Private well owners in the western half of the towns of Onalaska and Holland are being urged to test their water after the La Crosse County Health Department discovered worrisome levels of nitrates and bacteria in much of the water supply.
More than 2,000 residents received notices by mail last week alerting them to the problem, discussed during a press conference Thursday afternoon at the La Crosse County Administrative Center.
“This is the first time we have been able to identify with enough data that we do have a problem in our county,” said Jen Rombalski, director of the La Crosse County Health Department.
Water contamination data was requested in response to a 2016 audit showing multiple failings by the Wisconsin DNR to enforce the clean water laws. Results showed levels higher than 20 micrograms per milliliter of nitrates in some of the private well water supply, with several locations registering between between 10 and 20. Water typically registers 1 mcg per ml, and anything more than 10 mcg per ml can cause health problems, especially for infants and pregnant women. Risks include birth defects and “blue baby syndrome.”
Private well water also tested positive for coliform, which in itself may not cause illness but can indicate the presence of E. coli, which may cause gastrointestinal problems including diarrhea and vomiting.
Health and Human Services Committee Chair Monica Kruse stated that an exact cause of the contamination has not been determined, but contributing factors include sandy soil, run-off and general land use.
“It can take years and decades for this to occur and show up, and it can take years and decades for the levels to go back down,” Rombalski stressed. “In the short term, first and foremost you need to test your water, and, in the long term, we need to try to better protect our land so we’re protecting our ground water.”
The health department recommends having private well water tested annually and is offering kits and testing at a reduced cost to encourage residents in affected areas to act quickly. Kits are available at the La Crosse County Health Department, with results available by mail in two to four business days.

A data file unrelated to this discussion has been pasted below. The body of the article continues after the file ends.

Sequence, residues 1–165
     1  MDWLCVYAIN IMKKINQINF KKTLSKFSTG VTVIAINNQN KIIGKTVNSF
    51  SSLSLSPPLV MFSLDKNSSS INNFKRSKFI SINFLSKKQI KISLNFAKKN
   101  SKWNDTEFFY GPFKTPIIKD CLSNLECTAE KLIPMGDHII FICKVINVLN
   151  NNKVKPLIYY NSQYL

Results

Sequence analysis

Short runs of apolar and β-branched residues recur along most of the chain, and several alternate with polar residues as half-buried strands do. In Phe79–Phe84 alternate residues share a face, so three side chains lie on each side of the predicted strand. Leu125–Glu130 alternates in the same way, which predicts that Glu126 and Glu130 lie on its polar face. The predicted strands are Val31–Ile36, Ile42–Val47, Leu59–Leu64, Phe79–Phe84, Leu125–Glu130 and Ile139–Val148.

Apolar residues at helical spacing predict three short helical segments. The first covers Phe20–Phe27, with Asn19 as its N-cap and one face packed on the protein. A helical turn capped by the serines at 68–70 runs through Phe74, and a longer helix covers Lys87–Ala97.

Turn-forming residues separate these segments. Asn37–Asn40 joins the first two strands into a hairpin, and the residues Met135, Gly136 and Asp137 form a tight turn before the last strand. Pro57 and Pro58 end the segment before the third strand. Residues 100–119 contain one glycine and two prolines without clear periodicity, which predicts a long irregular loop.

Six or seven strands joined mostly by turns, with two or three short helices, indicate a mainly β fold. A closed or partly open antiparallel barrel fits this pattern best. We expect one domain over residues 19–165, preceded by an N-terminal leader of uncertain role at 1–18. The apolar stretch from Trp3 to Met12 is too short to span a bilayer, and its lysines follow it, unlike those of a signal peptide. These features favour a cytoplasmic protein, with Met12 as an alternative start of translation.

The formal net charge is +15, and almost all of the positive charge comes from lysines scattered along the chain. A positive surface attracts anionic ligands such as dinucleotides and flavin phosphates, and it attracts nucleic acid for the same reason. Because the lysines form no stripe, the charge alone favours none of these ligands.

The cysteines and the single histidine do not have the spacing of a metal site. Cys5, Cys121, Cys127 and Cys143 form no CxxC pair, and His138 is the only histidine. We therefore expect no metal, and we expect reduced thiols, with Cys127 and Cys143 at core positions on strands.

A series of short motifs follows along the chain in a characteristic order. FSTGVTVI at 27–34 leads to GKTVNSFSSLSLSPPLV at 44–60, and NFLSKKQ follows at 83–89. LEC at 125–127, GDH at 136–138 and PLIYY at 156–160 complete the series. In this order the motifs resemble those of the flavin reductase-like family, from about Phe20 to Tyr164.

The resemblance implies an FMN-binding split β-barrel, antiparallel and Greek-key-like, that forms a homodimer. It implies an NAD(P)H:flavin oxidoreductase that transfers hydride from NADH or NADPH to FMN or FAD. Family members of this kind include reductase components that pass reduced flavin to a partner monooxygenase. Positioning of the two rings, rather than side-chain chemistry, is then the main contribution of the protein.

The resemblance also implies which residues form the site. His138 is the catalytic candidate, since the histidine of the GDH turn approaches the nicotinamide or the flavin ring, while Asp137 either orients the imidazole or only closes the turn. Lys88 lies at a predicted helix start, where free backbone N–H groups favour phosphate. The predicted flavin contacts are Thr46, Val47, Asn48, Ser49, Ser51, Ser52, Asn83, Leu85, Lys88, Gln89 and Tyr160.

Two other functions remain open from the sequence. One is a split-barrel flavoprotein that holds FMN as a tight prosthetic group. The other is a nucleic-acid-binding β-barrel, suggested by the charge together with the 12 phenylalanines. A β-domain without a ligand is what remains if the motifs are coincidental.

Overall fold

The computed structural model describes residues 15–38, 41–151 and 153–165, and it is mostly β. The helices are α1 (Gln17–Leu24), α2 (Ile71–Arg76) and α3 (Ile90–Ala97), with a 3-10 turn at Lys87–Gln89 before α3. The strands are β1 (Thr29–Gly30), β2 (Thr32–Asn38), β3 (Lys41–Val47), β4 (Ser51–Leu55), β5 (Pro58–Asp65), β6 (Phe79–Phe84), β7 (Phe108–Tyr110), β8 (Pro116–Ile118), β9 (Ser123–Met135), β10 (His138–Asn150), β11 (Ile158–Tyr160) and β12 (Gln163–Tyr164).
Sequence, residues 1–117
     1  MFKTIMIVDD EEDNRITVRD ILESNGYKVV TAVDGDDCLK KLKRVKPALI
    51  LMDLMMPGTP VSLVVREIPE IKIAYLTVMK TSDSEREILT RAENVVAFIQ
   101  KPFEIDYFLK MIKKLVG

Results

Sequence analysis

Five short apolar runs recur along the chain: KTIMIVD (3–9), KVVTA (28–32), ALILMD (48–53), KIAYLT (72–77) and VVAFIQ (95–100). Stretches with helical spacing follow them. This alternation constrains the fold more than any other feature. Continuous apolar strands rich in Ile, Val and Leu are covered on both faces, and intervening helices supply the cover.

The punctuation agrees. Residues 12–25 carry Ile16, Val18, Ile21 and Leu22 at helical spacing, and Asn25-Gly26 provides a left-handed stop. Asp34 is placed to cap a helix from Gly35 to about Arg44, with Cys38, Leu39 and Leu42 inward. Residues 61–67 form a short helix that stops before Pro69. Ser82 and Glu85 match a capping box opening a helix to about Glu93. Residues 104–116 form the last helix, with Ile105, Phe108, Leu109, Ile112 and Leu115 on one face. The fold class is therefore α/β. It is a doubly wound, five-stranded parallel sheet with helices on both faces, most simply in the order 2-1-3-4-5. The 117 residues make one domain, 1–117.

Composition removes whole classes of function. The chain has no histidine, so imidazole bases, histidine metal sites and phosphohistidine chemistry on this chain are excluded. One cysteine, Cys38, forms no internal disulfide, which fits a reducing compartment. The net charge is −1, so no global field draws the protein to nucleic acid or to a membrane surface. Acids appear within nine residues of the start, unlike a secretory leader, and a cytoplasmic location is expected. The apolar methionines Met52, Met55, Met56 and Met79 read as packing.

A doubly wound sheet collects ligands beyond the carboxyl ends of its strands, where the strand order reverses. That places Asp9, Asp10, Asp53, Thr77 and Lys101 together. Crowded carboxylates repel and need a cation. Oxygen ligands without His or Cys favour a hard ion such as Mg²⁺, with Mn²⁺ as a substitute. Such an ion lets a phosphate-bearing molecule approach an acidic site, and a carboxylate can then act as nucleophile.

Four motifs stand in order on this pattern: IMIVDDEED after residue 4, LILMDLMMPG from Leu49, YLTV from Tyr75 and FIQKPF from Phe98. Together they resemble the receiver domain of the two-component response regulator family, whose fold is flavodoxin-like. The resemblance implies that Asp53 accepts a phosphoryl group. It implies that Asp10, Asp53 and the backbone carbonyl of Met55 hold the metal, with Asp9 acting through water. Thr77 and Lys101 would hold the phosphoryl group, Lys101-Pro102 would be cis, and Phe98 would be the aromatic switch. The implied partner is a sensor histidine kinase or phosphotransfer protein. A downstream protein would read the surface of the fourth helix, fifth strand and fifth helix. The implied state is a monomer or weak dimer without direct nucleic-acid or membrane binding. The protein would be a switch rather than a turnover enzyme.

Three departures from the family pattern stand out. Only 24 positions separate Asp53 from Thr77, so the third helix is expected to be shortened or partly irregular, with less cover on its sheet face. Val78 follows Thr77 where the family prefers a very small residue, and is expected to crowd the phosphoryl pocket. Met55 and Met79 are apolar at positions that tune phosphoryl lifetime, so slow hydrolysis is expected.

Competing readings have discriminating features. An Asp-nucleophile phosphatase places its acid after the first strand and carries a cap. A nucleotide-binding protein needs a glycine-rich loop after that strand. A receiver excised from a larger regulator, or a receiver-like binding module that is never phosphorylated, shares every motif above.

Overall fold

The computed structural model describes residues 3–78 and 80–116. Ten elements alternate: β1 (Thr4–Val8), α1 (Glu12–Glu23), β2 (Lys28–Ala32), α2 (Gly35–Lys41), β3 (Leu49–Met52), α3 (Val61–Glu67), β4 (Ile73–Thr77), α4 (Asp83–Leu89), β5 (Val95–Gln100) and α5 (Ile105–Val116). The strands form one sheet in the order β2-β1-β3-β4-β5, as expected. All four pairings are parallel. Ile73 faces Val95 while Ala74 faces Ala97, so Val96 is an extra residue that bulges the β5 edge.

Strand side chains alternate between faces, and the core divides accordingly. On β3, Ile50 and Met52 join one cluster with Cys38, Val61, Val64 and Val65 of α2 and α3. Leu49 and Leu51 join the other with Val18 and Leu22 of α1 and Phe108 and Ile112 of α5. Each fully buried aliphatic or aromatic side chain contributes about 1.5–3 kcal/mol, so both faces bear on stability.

Those with elevated nitrate levels are advised to use bottled water for drinking and cooking and to consider having reverse osmosis systems installed or have a deeper or new well drilled. Bacteria can be killed by boiling water before consumption, but is not recommended when nitrates are also present, as boiling can concentrate nitrates.
While there are currently no concerns about nitrate levels and bacteria in the county’s public water supply, Sen. Jennifer Shilling released a statement citing unease about water safety in general.
“Years of Republican budget cuts and staff reductions at the Department of Natural Resources are threatening our state’s drinking water and putting communities at risk,” Shilling said. “These problems aren’t new, but they are certainly getting worse as major violations are being ignored and swept under the rug. If we don’t act to improve enforcement standards and protect access to clean drinking water, families are going to continue to face these serious health threats and economic challenges.”
Informational meetings for residents will be held at 6 p.m. Wednesday at Holland Town Hall, W7937 Hwy. MH, Holmen; and at 6 p.m. Thursday at Onalaska Town Hall, W7052 Second St.
For more information on well water testing, visit www.co.la-crosse.wi.us/health/docs/InYourHome/Tests%20for%20Dinking.pdf.